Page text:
Albemarle and BASF today announced that they have signed a definitive agreement, under which BASF will acquire Albemarle’s Chemetall surface treatment business for about $3.2 billion in cash.
The Chemetall business became a part of Albemarle through Albemarle’s $6.2-billion acquisition of Rockwood Holdings that was completed in early 2015. CW reported last month that Albemarle was looking to divest Chemetall and had appointed Bank of America (BofA) as an advisor to explore options for the business. The deal marks a return to German ownership for Chemetall after a period of 12 years. Rockwood acquired the business from the former Mg Technologies, headquartered in Frankfurt, in 2004.
Chemetall, which is still headquartered in Frankfurt, is a worldwide supplier of applied surface treatments and services for metal, plastic, and glass substrates in a wide range of industries. Chemetall generated 2015 sales of $845 million and adjusted Ebitda of $205 million, and has about 2,500 employees worldwide. BASF’s purchase price represents a last-12-months Ebitda multiple of 15.3x as of 31 March 2016, Albemarle says. The transaction is subject to approval by the relevant authorities and is expected to close by the end of this year.
BASF says that Chemetall complements BASF’s current portfolio by adding a surface-treatment business to BASF’s coatings offerings. “Chemetall offers a strong strategic fit for our coatings business, and supports BASF’s aim to grow profitably in downstream, innovation-, and solution-focused businesses,” says BASF board member/coatings, Wayne Smith.
BASF’s coatings division produces and sells automotive coatings, automotive refinishes, industrial coatings, and decorative paints. The coatings division generated worldwide sales of about €3.2 billion ($3.6 billion) in 2015. AkzoNobel agreed in February to acquire BASF’s industrial coatings business for €475 million, and that transaction is expected to close by year-end.
Chemetall products protect metals from corrosion, facilitate forming and machining, allow parts to be optimally prepared for the painting process, and ensure proper coating adhesion, BASF says. These chemicals are used in end-markets such as automotive, aerospace, coil, and metal forming, the company says. Chemetall operates 21 production sites across more than 20 countries, as well as 10 R&D locations and 24 sales offices.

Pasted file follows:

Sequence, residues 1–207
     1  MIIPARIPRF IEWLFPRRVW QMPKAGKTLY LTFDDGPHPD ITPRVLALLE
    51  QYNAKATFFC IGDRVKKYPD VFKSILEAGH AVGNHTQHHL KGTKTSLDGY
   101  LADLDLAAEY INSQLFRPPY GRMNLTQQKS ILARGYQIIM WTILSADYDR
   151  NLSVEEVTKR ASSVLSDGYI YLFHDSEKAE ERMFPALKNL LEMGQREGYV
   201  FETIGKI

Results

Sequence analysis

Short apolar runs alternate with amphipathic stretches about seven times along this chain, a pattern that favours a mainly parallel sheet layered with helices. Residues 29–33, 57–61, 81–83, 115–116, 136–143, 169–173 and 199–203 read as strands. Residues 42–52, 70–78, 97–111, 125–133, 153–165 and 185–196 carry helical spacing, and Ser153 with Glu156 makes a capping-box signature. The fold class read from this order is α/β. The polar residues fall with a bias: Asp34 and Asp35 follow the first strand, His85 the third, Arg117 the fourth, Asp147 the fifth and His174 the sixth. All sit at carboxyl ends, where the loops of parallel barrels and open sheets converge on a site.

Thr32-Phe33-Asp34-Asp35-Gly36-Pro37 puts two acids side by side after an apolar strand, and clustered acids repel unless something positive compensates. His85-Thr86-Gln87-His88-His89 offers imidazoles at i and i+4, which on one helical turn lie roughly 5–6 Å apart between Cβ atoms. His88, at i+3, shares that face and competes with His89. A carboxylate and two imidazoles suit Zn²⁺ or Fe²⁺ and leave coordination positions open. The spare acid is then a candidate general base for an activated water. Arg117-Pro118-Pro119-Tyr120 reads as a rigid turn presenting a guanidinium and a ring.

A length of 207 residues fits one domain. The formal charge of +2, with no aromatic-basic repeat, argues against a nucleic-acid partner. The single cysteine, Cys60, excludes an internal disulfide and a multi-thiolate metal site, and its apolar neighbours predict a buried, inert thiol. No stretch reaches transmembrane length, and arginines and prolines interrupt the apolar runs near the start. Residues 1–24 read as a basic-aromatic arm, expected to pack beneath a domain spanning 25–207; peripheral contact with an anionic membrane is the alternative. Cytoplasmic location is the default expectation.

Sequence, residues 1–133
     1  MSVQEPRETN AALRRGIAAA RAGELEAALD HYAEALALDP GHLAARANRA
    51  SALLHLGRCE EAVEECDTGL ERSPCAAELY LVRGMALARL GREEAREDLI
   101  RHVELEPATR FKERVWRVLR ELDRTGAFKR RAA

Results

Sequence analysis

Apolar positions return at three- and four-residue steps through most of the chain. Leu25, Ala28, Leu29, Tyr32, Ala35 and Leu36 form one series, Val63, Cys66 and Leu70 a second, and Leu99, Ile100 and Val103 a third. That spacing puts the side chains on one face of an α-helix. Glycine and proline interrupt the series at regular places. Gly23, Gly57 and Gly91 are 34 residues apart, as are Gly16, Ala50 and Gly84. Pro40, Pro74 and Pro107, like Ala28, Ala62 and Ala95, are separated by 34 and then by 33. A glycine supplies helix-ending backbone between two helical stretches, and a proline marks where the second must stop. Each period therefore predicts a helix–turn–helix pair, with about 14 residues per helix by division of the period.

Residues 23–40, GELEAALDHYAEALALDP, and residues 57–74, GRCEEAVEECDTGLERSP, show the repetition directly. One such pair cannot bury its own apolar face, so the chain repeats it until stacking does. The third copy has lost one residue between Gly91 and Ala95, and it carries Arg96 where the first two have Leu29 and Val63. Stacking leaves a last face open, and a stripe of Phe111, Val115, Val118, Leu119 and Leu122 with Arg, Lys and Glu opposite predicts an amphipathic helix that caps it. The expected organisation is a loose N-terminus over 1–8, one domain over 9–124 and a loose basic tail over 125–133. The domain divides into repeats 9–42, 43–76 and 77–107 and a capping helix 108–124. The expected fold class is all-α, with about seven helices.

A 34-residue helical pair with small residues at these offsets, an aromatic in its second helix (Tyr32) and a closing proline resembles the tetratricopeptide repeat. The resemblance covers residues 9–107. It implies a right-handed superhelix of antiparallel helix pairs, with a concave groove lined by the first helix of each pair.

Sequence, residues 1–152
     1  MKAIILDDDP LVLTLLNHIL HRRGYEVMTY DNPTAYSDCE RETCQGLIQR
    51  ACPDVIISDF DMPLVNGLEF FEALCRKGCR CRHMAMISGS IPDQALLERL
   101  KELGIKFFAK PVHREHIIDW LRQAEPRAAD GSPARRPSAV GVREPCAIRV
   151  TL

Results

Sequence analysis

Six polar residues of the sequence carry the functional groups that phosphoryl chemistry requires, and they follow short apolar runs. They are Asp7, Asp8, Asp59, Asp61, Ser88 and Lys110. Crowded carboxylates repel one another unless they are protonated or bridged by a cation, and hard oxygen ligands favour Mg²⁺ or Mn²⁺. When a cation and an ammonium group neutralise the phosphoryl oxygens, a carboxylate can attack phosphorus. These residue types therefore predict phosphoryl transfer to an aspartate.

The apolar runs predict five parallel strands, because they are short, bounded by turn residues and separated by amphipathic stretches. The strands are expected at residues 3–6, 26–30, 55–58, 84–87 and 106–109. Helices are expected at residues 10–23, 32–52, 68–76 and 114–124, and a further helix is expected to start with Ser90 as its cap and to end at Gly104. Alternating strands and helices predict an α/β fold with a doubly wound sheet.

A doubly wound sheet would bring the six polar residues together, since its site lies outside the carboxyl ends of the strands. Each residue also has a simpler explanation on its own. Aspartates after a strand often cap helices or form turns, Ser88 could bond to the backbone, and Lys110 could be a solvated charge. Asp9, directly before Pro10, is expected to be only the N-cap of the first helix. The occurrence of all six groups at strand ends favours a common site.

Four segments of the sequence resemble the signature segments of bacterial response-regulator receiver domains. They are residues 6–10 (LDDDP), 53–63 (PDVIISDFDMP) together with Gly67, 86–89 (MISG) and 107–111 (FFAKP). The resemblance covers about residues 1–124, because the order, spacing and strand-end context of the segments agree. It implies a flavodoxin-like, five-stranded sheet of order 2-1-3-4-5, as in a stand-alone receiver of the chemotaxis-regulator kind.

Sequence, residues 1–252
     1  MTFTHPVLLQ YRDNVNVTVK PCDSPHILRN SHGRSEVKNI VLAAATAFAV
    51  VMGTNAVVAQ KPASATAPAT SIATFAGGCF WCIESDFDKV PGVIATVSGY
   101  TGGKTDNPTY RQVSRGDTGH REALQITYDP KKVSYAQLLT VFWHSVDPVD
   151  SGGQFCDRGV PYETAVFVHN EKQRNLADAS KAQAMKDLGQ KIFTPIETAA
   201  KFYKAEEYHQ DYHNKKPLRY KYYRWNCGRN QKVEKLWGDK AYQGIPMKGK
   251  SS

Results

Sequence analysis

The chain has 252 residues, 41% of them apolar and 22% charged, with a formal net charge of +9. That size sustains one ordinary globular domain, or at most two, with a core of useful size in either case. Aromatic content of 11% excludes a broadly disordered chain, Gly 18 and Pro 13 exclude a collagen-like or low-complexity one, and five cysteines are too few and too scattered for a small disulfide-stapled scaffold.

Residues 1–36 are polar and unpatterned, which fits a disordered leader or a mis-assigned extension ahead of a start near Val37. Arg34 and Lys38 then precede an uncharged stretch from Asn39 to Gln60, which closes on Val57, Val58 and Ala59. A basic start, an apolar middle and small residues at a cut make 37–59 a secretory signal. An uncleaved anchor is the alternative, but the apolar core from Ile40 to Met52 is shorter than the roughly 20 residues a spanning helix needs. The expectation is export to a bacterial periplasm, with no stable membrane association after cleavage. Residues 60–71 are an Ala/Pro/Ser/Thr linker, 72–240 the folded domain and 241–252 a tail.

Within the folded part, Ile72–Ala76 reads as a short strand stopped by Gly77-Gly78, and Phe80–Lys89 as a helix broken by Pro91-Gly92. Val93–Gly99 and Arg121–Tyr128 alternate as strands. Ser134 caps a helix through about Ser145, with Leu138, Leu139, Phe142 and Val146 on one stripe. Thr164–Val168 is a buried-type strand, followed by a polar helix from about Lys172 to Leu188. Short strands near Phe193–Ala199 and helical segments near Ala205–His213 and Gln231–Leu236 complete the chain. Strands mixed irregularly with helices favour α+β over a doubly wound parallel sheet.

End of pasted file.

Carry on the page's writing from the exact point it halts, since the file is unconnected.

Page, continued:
Analysts have expressed concern that buying Chemetall increases BASF’s market position mainly in low-growth, mature markets. About 50% of Chemetall’s sales are in Western Europe and 30% are in North America. “We worry this acquisition increases BASF’s exposure to industrial Europe, which will struggle to grow, especially if the automotive industry slows,” says Jeremy Redenius, senior analyst at Bernstein (London). “This concern links back to our thesis that surplus capacity in Chemetall’s customer industries—auto, aero, coil, metal forming—will pressure margins along the value chain and ‘steal’ volume growth from the core European market as much of the surplus capacity has been built in Asia.” Bernstein estimates that 27% of Chemetall’s sales are to the automotive industry.
Selling Chemetall “reflects Albemarle’s continued commitment to maximizing shareholder value by investing in the future growth of our high-priority businesses, reducing leverage, and returning capital to shareholders,” says Luke Kissam, president and CEO of Albemarle.
BofA Merrill Lynch is acting as exclusive financial advisor to Albemarle and Shearman & Sterling LLP is acting as its legal advisor in connection with this transaction, Albemarle says.
By Deepti Ramesh
Source: Chemical Week
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